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Step 2. Project development The starting point is a project idea or proposal. It has to be clearly formulated. Therefore the following questions should be answered: How could the project look like, what are sub-targets? Who is our target group? What activities are needed? Who are (potential) project partners? Step 3. Budget and market estimation Find out what kind of a market it is and who the marketing partners are. Do possible financing partners know about problems and needs of your project? Are they aware of them? Maybe an information campaign could support the creation of more awareness and understanding for the project and/or the product! Step 4. Analysis, search and selection of available financing means and sources What kinds of financing are possible? Is it enough? Which programmes from which sources or donors fit to my project? Step 5. Formulation of a fundraising strategy What methods do we want to use? How can we show the target group/promotors the value of their engagement? What media do we want to use? What is the time frame? Step 6: Acquisition of financing means For the acquisition of means different methods are thinkable: for example individual letters to organisations/institutions, presentations etc. according to the target group. Monitoring and evaluation of the fundraising process, if necessary: changing of fundraising strategy.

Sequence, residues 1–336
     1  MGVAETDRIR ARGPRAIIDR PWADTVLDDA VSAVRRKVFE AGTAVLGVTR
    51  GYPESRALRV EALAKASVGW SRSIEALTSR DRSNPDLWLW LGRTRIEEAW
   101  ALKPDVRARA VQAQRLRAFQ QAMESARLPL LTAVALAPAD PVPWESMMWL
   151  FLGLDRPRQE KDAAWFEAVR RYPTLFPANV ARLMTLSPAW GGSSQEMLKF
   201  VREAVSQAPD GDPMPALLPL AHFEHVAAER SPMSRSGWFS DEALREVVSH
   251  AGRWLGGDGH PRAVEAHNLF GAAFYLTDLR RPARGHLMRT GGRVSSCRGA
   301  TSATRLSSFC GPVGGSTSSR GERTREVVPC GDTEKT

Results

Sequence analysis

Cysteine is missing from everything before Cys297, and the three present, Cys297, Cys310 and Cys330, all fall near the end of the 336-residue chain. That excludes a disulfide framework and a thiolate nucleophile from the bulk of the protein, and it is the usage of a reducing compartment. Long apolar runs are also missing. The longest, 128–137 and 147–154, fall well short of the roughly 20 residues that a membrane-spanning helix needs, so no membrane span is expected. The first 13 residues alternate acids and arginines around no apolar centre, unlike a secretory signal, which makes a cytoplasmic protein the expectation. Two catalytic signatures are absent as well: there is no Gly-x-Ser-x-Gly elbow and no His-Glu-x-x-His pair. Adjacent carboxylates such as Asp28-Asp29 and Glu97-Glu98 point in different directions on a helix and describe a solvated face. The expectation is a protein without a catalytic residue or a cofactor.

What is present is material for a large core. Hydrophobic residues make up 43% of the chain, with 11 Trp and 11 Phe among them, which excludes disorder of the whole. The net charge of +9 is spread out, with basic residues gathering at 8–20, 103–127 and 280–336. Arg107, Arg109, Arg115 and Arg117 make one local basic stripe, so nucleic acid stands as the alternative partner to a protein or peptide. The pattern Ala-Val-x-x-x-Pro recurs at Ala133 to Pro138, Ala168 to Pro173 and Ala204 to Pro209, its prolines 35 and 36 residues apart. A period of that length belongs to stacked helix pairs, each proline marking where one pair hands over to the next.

Sponsoring Sponsoring is a two-way business, not just an idealistic or altruistic approach. The idea should be: a sponsor supports your project with money and/or infrastructure etc. in return for his support you give the sponsors the possibility to prove to the public, what good intentions he has: using his logo on the letters, with public relation activities, press conferences etc. Both sides are in charge of delivering either money or reputation. This is the main difference to donations. In sponsoring one has to clarify/deliver: What should be sold: what is the product/project? The needs: is financial support needed or any other goods or services? The target group: Who can be a sponsor? Important: Is he suitable for your project, philosophy, approach? The method: How can the sponsoring be implemented? A calculation of personnel, time and financial resources is needed.